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A Blog Devoted to UD Innovation, Excellence and Scholarship
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Research & Discovery

A Blog Devoted to UD Innovation, Excellence and Scholarship

Greener hydrogen from water

by | January 3, 2019

Yushan Yan

ABOVE: Feng Jiao, an associate professor of chemical and biomolecular engineering and associate director of the Center for Catalytic Science and Technology at UD, in his lab. | Photo by Kathy F. Atkinson

UD innovator explores catalysts that pull their weight and serve the environment

The idea of using hydrogen as the basis of a clean sustainable energy source, often termed a hydrogen economy, has been a topic of conversation for decades. Hydrogen fuel, for example, doesn’t emit any carbon dioxide and is considered more sustainable than traditional fossil fuels.

The lightest element on the periodic table, hydrogen is an energy carrier that can be used to power fuel cells in transportation vehicles, buildings or other infrastructure. Hydrogen also can help upcycle things like straw, grasses and other biomass into high-value chemicals used in everything from plastics to paint to personal care items.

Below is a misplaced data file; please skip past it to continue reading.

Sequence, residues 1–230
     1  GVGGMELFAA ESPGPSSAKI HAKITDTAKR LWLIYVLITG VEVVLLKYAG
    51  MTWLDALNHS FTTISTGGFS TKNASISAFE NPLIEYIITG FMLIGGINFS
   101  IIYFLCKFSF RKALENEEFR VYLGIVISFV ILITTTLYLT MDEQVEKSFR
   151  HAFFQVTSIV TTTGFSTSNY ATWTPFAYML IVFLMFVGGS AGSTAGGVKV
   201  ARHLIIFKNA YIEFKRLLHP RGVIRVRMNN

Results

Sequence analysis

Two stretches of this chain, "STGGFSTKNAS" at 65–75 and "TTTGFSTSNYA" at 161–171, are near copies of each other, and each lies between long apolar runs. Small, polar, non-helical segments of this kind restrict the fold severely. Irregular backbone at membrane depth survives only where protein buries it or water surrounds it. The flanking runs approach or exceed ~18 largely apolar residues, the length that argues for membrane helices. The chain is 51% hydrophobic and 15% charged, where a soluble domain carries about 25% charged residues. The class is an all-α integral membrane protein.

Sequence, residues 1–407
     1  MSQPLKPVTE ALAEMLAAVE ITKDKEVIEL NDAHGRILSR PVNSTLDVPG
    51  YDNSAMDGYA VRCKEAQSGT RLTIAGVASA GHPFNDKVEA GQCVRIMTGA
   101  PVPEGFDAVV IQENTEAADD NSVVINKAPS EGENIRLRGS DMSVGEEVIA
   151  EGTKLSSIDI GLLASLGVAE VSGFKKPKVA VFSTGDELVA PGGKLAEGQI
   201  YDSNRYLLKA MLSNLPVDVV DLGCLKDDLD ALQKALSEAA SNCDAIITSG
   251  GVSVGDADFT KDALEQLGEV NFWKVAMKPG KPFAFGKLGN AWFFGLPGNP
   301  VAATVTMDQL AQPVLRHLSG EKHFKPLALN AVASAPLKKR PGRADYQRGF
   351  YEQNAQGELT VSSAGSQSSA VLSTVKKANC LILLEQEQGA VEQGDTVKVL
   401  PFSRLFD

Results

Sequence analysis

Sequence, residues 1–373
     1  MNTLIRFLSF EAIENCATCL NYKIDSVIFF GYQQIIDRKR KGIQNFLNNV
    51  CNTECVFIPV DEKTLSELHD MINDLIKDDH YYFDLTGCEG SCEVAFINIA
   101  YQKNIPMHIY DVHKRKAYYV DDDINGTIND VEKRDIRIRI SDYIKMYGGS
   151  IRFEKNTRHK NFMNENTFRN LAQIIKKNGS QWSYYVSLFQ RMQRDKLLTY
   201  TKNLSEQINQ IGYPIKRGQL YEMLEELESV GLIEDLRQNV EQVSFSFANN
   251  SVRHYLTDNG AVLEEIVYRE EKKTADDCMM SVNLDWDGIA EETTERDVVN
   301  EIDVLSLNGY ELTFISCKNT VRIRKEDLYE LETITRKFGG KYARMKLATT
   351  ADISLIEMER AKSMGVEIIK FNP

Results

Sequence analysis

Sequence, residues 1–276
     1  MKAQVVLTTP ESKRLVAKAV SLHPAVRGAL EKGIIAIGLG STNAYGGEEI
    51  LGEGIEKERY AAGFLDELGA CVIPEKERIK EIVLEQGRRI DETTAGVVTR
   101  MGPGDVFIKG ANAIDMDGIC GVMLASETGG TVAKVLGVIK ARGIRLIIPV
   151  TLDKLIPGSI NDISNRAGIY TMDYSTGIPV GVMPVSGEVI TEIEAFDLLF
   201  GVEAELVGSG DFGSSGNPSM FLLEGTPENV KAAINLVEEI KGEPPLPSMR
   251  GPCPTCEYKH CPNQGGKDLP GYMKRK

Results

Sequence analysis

But the technology driving these innovations has faced serious challenges, chiefly because freeing hydrogen for these uses is produced mainly through processes that require fossil fuels and come with an environmental cost — carbon dioxide.

Now, University of Delaware engineer Feng Jiao has patented a process that may hold the key to producing greener hydrogen from water using electricity and a copper-titanium catalyst.

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Liz Farley-Ripple

Liz Farley-Ripple

Elizabeth Farley-Ripple did not set out to become an education researcher. As an undergraduate at Georgetown University, she started out majoring in Latin American Studies. Then came Professor Bill McDonald’s sociology course focusing on research methods. “I had an aha moment,” says Farley-Ripple. “I realized I could have an impact—and actually apply the ideas I had been reading about.”

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